2 LEE MOSHER, MICHAH SAGEEV, AND KEVIN WHYTE

1.1. Example applications. First, here is a theorem regarding two funda-

mental groups of hyperbolic manifolds amalgamated along infinite cyclic subgroups.

For the proof see Theorem 7.1, which relies essentially on a theorem of Schwartz

[Sch97].

Theorem 1.1. Let A and B be fundamental groups of closed hyperbolic man-

ifolds of dimension at least 3, and let G be the amalgamated free product A ∗Z B

where Z includes as a maximal cyclic subgroup in both A and B. If H is a finitely

generated group quasi-isometric to G then H splits as a graph of groups each of

whose vertex groups is commensurable to A or B. In particular, there are infinitely

many quasi-isometry classes of groups of this form.

In fact, in the context of Theorem 1.1 one obtains a complete computation of

the quasi-isometry group; see Proposition 7.13.

Notice that in the above example, the vertex-to-edge inclusions are codimension

2. As we will see below, Alexander duality can be applied in a straightforward

manner. In the codimension-1 setting, one typically needs that the edge subgroups

in a vertex group cross one another in some suitable sense. Here is one such example.

A collection of geodesics in the hyperbolic plane is said to be filling if the

complementary regions are all bounded. A collection of cyclic subgroups in a surface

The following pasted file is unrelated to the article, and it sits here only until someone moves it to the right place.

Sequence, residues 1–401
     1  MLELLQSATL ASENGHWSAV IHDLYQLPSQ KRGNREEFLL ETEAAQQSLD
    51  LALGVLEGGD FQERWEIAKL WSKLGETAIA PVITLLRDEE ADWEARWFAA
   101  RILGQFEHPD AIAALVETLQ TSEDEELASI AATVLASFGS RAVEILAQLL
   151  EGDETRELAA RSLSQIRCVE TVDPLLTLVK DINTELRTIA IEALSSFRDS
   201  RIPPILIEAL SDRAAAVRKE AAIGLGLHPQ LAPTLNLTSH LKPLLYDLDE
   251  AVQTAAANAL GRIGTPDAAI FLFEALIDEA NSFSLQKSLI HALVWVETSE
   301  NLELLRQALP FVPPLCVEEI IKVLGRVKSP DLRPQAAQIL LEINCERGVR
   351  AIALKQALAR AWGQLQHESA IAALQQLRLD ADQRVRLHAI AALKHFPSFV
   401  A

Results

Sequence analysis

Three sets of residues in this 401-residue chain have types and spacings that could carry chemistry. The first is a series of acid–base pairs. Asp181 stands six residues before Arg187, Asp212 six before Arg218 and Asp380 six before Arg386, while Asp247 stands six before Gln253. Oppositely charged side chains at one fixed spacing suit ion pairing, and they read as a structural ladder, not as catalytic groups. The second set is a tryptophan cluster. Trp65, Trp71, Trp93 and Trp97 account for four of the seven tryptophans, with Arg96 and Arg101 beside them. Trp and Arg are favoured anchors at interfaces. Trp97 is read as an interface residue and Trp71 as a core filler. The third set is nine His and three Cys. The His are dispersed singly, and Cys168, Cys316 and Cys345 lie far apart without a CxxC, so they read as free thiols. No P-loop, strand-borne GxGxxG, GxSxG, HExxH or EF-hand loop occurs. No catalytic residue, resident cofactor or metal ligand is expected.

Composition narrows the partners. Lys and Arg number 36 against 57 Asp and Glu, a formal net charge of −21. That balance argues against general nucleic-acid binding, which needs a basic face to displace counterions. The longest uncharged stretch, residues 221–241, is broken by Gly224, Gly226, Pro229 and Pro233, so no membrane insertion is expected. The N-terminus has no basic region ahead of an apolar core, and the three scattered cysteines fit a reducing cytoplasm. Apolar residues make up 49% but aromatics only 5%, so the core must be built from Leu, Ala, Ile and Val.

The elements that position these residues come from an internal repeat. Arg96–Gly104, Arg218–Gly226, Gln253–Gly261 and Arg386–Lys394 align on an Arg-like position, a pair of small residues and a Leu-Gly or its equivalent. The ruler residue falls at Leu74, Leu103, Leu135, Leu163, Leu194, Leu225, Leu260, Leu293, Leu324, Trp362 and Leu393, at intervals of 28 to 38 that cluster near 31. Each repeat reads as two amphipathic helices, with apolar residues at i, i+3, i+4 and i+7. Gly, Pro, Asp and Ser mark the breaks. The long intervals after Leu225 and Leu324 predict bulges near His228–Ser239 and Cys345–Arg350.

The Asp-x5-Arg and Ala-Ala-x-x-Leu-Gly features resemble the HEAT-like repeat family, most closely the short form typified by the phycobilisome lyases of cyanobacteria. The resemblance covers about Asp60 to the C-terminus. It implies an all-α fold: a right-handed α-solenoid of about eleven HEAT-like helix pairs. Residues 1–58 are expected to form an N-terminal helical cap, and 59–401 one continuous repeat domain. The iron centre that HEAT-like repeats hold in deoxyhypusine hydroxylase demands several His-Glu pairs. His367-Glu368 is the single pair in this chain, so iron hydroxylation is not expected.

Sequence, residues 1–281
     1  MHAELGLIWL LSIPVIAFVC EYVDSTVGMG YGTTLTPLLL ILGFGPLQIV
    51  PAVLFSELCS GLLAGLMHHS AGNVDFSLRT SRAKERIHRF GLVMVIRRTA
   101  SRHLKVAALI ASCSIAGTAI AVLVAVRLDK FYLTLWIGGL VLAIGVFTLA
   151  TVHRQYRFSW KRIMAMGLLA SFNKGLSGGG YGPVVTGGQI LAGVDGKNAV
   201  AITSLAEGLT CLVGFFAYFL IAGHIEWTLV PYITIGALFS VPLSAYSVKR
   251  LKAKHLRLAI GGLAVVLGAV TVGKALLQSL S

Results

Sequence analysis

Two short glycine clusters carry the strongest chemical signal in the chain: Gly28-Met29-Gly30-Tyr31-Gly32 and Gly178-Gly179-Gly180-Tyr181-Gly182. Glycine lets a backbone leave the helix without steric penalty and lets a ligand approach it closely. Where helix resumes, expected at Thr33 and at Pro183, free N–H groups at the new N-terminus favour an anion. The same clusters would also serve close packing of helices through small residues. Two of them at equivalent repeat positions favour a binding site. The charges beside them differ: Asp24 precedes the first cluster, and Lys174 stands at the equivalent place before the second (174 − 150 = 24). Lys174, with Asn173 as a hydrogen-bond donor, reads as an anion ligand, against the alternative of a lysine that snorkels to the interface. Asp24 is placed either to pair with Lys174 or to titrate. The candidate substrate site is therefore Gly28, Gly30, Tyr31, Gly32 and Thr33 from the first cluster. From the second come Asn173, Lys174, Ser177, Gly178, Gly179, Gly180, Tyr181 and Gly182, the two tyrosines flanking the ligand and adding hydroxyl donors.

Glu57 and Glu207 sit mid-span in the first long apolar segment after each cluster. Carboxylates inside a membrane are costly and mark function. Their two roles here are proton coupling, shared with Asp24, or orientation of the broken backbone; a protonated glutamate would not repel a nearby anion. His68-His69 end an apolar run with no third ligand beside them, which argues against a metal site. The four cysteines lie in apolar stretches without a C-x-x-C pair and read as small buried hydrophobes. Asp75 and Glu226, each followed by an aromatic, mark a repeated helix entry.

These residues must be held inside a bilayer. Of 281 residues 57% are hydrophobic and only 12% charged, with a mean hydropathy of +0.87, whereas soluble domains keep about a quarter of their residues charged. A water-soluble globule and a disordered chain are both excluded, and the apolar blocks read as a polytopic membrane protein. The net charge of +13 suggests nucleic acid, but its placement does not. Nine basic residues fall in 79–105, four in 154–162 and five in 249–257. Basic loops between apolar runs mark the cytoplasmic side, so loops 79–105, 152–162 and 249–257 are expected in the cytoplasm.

group is said to be filling if the pattern of geodesics in the universal cover is filling.

Theorem 1.2. Suppose that G splits as a graph of groups where each vertex

group is a surface group, each edge group is a cyclic group and the edge-to-vertex

inclusions provide a filling collection of curves on the vertex group. Then any

torsion-free group quasi-isometric to H splits as a graph of groups whose edge groups

are cyclic and whose vertex groups are surface groups or cyclic groups.

A stronger version of Theorem 1.2 is given in Theorem 7.8, with commensura-

bility information built into the conclusion, by applying a theorem of Kapovich and

Kleiner [KK00]. Using this we will obtain infinitely many distinct quasi-isometry

classes of groups of this type.

The next theorem gives examples with higher dimensional edge groups, namely

fundamental groups of surfaces. For the proof see Theorem 7.4, and for even

stronger rigidity conclusions in many examples see Theorem 7.14.

Theorem 1.3. Let A be the fundamental group of a hyperbolic 3-manifold which

fibers over the circle in two ways, with fibers F1 and F2. Let φ be any isomorphism

between (finite index subgroups of) π1(F1) and π1(F2) and define G as the HNN

extension A∗φ. If H is any torsion free group quasi-isometric to G, then H splits as

a graph of groups, whose edge groups are surface groups, and whose vertex groups

are hyperbolic 3-manifold groups commensurable to A and surface groups.

The commensurability information in Theorem 1.3 is an application of a theo-

rem of Farb and Mosher [FM02b].

Here is a theorem for abelian groups.

Theorem 1.4. Suppose A is a finitely generated abelian group of rank n,

G1,G2 A are two rank n − 1 subgroups that span A, and G is an HNN-extension

identifying G1 to G2. Then any group H quasi-isometric to G splits as a graph of

virtually abelian groups with edge groups of rank n − 1 and vertex groups of rank at

most n.